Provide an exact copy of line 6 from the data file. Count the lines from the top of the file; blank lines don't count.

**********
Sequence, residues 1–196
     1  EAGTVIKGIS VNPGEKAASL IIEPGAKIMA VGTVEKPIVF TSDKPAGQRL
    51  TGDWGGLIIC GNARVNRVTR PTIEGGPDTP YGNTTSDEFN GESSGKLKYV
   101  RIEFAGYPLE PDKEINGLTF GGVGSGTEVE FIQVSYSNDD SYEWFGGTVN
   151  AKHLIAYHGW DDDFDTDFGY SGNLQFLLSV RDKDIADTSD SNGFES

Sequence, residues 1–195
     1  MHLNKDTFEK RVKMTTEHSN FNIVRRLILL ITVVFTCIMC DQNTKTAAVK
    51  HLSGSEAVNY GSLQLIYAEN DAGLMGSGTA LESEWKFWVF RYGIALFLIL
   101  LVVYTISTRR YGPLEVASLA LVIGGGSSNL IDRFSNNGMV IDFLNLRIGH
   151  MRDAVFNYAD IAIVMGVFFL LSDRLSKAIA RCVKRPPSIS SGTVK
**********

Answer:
Sequence, residues 1–195